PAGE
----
A few notes on using the pattern and selecting materials:
  • Our cloth face mask is “one size fits most”. Before we offered this mask to you, we made tens of thousands of this mask for healthcare professionals; the healthcare professionals chose the dimensions of the mask based on a “one size” that would work best for their varied staff. During that time, we also donated thousands of masks to various individuals and groups and gathered feedback on sizing and comfort. We learned that this mask fit most folks well and that pretty much everyone found it to be comfortable. Unfortunately, it was too small for a few folks, and unfortunately, that is difficult to avoid in a “one size fits all” situation. The good news is that since you're making this at home you can adjust the sizing of the mask as you see fit; let us know how that works!
  • Fabric: we use a ~4-1/2 ounce / 150gm, 65% polyester / 35% cotton poplin. Slightly heavier will work, much lighter might get harder to work with. There’s articles on-line about what fabrics work best, so check those out for sure.
  • The more common “elastic” that you used to be able to buy in the fabric store is hard to get right now; if you can get it, 1/8” or 3/16” / 3mm or 5mm seem to work well. No elastic in the local store? Feel free to get inventive: anything that’s soft and stretchy can be substituted – think straps off an old bra or yoga pants cut into strips. We haven't seen this material ourselves, and can't vouch for whether it'll work, but received a link to it as a tip from a mask maker; HiKoo’s® Tee Cakes (yarn made from recycled t-shirts).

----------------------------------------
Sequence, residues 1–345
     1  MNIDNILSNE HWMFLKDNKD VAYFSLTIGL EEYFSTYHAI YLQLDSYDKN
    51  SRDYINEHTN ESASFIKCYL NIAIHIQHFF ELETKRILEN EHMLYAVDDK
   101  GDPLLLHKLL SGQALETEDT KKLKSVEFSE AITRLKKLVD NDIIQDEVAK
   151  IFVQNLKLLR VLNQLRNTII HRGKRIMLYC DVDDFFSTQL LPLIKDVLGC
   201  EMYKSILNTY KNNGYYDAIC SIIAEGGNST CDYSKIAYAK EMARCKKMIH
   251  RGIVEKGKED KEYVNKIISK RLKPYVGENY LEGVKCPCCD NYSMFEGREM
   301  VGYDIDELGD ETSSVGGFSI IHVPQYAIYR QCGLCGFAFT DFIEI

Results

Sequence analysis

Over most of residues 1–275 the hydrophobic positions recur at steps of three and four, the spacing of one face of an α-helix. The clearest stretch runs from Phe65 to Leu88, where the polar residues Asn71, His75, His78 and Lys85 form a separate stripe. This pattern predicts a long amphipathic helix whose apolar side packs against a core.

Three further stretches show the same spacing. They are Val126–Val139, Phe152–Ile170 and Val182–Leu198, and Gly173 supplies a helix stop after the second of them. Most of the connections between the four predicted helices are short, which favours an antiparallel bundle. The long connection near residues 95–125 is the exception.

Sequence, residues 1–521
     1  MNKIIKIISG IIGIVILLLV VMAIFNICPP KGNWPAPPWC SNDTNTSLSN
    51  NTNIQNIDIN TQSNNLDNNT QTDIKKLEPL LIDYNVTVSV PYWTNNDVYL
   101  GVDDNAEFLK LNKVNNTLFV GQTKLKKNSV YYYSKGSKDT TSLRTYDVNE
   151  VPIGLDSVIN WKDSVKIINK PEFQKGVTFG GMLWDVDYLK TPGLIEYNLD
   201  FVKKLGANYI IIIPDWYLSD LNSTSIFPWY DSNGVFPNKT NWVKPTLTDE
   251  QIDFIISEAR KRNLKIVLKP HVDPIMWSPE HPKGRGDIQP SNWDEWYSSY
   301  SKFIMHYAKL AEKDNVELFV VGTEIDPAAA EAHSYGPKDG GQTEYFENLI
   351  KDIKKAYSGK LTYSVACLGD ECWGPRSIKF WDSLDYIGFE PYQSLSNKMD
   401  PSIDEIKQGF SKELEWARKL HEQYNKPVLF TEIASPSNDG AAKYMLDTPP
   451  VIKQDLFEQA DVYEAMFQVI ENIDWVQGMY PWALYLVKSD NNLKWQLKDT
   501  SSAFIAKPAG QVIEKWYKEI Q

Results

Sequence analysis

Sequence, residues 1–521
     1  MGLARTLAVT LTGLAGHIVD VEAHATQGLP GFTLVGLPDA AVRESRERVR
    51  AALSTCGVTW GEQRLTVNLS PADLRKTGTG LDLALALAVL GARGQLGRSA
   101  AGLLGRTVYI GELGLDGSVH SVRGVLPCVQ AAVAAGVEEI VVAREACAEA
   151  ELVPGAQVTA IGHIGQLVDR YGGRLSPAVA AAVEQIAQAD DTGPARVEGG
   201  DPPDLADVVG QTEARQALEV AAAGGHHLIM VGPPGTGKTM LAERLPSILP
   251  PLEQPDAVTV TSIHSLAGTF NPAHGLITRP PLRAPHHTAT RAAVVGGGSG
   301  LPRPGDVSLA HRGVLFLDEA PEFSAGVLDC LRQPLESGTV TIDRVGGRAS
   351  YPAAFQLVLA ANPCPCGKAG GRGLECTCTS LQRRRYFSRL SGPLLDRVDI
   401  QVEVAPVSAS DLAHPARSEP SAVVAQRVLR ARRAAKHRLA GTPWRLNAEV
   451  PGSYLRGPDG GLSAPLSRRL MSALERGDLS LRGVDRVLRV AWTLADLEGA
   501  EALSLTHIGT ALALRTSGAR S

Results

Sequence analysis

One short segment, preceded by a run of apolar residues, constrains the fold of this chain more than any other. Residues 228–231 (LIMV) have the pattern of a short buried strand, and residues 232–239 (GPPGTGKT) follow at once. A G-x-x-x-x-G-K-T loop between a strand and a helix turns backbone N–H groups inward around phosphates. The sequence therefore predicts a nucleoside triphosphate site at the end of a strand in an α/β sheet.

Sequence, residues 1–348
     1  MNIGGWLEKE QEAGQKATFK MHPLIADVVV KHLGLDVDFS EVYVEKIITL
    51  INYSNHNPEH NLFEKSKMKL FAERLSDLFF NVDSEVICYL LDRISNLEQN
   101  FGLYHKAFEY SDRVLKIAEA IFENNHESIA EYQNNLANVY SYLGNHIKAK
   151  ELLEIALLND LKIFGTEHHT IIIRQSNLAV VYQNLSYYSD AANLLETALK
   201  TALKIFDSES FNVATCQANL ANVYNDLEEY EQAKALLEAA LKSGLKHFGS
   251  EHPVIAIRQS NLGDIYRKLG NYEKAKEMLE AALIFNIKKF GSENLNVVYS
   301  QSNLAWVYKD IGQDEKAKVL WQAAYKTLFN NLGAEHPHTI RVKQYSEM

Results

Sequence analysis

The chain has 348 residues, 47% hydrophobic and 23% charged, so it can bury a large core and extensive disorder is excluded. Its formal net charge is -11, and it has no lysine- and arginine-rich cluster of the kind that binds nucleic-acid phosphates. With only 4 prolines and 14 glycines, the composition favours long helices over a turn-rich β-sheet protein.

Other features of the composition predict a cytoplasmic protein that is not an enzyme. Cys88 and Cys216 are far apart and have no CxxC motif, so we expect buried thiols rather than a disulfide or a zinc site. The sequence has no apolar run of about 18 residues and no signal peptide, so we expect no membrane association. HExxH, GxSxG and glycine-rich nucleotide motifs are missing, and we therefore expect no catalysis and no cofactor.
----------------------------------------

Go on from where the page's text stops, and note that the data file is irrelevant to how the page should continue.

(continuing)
• We sew a piece of 1/2” / 12mm nylon herringbone tape across the bridge of the nose so that you can slide a twisty-tie or piece of pipe cleaner in there to gently pinch/seal across your nose. This is optional of course. In the factory, we hot cut the ends of the herringbone tape to fuse the fibers together so they don’t fray: if what you use to create the channel can’t be hot knifed (like it’s cotton), simply cut it another inch / 25mm longer and fold the ends over as you sew.
      • Share any tips or tricks you’ve invented in the comments below.
      • Good luck and thank you for the important work you're doing.
      UPDATES (19 April 2020):
        • Yikes, y’all are sharp! Thanks for pointing out the inconsistency in our PDF and instructions. 

          Regarding the question to mirror or not mirror to two parts of the mask: either way works! You can make “lefts and rights” if that makes more sense to you, or you can just make all the sub-assemblies the same. I’ve found that making them all the same means I spend less time thinking, counting and sorting, and more time sewing: just grab two parts with their ear loops sewn into position, flip one atop the other and go! Once the mask is done and right-sided-out, it doesn’t matter which way you’ve done it - no one will ever know :) The only wrong way to do it would be to sew two ear loops onto one piece and none onto the other: then you’ll get a mask with two ear loops on one side and zero ear loops on the other side :)


        Some of you pointed out that I didn’t make this clear on the PDF, and I’ve fixed that now – thanks for your keen observation and feedback.

          • I added small rulers (standard and metric) to the new pattern as well, so you can compare your printed version to your own ruler and make sure it's printed at 100% scale.
          • I also made a simplified mask pattern with a 50mm / ~2" grid overlay so if for whatever reason that helps, you've got it here. UPDATE 28 April 2020: Large size with grid is here.